To the choirmaster: with stringed instruments. A Psalm of David. Answer me when I call, O God of my right! Thou hast given me room when I was in distress. Be gracious to me, and hear my prayer.
O men, how long shall my honor suffer shame? How long will you love vain words, and seek after lies? [Selah]
But know that the LORD has set apart the godly for himself; the LORD hears when I call to him.
Be angry, but sin not; commune with your own hearts on your beds, and be silent. [Selah]
Offer right sacrifices, and put your trust in the LORD.
There are many who say, "O that we might see some good! Lift up the light of thy countenance upon us, O LORD!"
Thou hast put more joy in my heart than they have when their grain and wine abound.
In peace I will both lie down and sleep; for thou alone, O LORD, makest me dwell in safety.
To the choirmaster: for the flutes. A Psalm of David. Give ear to my words, O LORD; give heed to my groaning.
Hearken to the sound of my cry, my King and my God, for to thee do I pray.
O LORD, in the morning thou dost hear my voice; in the morning I prepare a sacrifice for thee, and watch.
For thou art not a God who delights in wickedness; evil may not sojourn with thee.
The boastful may not stand before thy eyes; thou hatest all evildoers.
Thou destroyest those who speak lies; the LORD abhors bloodthirsty and deceitful men.
But I through the abundance of thy steadfast love will enter thy house, I will worship toward thy holy temple in the fear of thee.
Lead me, O LORD, in thy righteousness because of my enemies; make thy way straight before me.
For there is no truth in their mouth; their heart is destruction, their throat is an open sepulchre, they flatter with their tongue.
Make them bear their guilt, O God; let them fall by their own counsels; because of their many transgressions cast them out, for they have rebelled against thee.
But let all who take refuge in thee rejoice, let them ever sing for joy; and do thou defend them, that those who love thy name may exult in thee.
For thou dost bless the righteous, O LORD; thou dost cover him with favor as with a shield.
To the choirmaster: with stringed instruments; according to The Sheminith. A Psalm of David. O LORD, rebuke me not in thy anger, nor chasten me in thy wrath.
Be gracious to me, O LORD, for I am languishing; O LORD, heal me, for my bones are troubled.
My soul also is sorely troubled. But thou, O LORD--how long?
Turn, O LORD, save my life; deliver me for the sake of thy steadfast love.
For in death there is no remembrance of thee; in Sheol who can give thee praise?
I am weary with my moaning; every night I flood my bed with tears; I drench my couch with my weeping.
My eye wastes away because of grief, it grows weak because of all my foes.
Depart from me, all you workers of evil; for the LORD has heard the sound of my weeping.
The LORD has heard my supplication; the LORD accepts my prayer.
All my enemies shall be ashamed and sorely troubled; they shall turn back, and be put to shame in a moment.
Now while Paul was waiting for them at Athens, his spirit was provoked within him as he saw that the city was full of idols.
So he argued in the synagogue with the Jews and the devout persons, and in the market place every day with those who chanced to be there.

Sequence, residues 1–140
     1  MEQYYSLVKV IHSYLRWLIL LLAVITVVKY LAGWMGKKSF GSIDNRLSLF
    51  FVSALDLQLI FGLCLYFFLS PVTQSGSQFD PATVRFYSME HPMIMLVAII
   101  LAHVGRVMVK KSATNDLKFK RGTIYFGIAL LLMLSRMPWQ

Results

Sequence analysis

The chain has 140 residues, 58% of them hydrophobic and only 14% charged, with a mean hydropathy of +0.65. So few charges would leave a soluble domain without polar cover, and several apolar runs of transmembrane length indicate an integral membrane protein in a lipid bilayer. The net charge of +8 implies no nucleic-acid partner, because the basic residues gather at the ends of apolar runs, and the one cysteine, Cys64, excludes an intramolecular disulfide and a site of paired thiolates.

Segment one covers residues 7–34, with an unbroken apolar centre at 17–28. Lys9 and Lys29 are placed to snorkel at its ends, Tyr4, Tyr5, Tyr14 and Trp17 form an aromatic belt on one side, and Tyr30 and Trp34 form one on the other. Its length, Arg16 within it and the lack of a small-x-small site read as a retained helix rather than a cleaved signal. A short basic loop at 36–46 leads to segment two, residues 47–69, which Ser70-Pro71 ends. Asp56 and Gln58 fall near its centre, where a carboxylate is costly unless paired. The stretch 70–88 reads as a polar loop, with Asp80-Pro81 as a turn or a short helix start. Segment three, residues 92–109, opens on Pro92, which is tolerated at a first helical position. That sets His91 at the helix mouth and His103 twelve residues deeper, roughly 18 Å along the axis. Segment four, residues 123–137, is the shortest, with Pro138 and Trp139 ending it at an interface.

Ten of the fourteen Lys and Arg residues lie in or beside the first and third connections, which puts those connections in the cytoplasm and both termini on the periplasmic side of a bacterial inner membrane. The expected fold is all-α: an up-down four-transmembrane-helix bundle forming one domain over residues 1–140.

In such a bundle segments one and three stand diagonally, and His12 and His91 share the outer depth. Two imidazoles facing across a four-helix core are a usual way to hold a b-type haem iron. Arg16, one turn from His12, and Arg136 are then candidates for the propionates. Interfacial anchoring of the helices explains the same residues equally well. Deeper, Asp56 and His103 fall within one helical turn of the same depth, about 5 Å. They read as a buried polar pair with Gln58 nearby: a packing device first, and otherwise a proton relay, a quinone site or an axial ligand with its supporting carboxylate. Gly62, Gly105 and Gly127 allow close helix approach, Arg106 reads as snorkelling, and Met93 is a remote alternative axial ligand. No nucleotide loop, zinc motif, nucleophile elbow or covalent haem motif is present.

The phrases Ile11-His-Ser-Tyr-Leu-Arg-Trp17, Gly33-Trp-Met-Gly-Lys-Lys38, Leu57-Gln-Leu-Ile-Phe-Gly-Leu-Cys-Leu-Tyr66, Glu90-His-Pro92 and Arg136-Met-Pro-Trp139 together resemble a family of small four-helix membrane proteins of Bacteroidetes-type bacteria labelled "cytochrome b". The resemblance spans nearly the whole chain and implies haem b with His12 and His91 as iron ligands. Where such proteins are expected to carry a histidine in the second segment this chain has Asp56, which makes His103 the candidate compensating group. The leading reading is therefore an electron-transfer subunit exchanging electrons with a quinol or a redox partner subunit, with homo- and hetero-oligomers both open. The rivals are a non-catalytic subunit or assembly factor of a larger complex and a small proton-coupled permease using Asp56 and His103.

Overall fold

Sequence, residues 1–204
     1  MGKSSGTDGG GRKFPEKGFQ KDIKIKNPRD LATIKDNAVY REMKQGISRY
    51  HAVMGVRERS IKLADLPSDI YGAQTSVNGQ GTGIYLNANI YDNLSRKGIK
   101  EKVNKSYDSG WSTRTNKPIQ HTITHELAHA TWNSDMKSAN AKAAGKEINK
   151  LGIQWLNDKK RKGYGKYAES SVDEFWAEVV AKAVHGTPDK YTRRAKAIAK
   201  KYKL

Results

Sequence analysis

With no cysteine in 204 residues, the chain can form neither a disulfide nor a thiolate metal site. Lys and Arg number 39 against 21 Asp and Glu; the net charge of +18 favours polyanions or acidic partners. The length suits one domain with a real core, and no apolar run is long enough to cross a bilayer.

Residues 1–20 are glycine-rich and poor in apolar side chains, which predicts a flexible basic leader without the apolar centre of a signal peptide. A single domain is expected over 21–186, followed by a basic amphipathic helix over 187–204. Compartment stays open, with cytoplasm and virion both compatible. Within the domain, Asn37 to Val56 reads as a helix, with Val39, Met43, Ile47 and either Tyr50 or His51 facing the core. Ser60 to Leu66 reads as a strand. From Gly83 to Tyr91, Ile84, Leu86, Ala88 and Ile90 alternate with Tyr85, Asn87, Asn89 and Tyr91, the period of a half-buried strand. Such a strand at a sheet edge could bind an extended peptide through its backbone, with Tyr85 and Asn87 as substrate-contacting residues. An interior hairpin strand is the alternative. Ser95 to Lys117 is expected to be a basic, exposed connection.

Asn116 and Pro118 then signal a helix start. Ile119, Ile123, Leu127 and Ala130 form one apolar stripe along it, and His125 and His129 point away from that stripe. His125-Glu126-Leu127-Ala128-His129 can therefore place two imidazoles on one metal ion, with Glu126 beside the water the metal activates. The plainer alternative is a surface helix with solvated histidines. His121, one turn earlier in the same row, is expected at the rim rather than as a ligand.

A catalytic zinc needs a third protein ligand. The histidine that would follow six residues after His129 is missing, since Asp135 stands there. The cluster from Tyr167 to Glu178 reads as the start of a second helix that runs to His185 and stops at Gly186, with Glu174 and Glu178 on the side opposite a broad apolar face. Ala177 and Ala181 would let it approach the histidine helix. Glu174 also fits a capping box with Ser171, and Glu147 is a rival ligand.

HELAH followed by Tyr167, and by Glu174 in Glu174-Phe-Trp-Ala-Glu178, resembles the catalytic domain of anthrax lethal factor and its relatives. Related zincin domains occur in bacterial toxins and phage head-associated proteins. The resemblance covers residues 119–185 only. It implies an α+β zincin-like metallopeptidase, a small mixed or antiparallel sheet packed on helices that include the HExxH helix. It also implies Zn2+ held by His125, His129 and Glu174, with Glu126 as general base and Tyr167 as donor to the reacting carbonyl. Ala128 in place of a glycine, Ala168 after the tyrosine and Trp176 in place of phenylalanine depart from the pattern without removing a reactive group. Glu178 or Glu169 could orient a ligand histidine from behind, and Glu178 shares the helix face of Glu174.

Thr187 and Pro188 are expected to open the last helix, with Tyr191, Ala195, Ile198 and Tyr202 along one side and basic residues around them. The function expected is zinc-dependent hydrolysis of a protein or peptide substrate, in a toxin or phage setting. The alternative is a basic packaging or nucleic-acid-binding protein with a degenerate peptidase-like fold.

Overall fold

Some also of the Epicurean and Stoic philosophers met him. And some said, "What would this babbler say?" Others said, "He seems to be a preacher of foreign divinities" --because he preached Jesus and the resurrection.
And they took hold of him and brought him to the Are-op'agus, saying, "May we know what this new teaching is which you present?
For you bring some strange things to our ears; we wish to know therefore what these things mean."
Now all the Athenians and the foreigners who lived there spent their time in nothing except telling or hearing something new.
So Paul, standing in the middle of the Are-op'agus, said: "Men of Athens, I perceive that in every way you are very religious.
For as I passed along, and observed the objects of your worship, I found also an altar with this inscription, 'To an unknown god.' What therefore you worship as unknown, this I proclaim to you.
The God who made the world and everything in it, being Lord of heaven and earth, does not live in shrines made by man,
nor is he served by human hands, as though he needed anything, since he himself gives to all men life and breath and everything.
And he made from one every nation of men to live on all the face of the earth, having determined allotted periods and the boundaries of their habitation,
that they should seek God, in the hope that they might feel after him and find him. Yet he is not far from each one of us,
for 'In him we live and move and have our being'; as even some of your poets have said, 'For we are indeed his offspring.'
Being then God's offspring, we ought not to think that the Deity is like gold, or silver, or stone, a representation by the art and imagination of man.
The times of ignorance God overlooked, but now he commands all men everywhere to repent,
because he has fixed a day on which he will judge the world in righteousness by a man whom he has appointed, and of this he has given assurance to all men by raising him from the dead."
Now when they heard of the resurrection of the dead, some mocked; but others said, "We will hear you again about this."
So Paul went out from among them.
But some men joined him and believed, among them Dionys'ius the Are-op'agite and a woman named Dam'aris and others with them.
Revised Standard Version of the Bible, copyright 1952 [2nd edition, 1971] by the Division of Christian Education of the National Council of the Churches of Christ in the United States of America. Used by permission. All rights reserved. (Revised Standard Version - Holy Bible)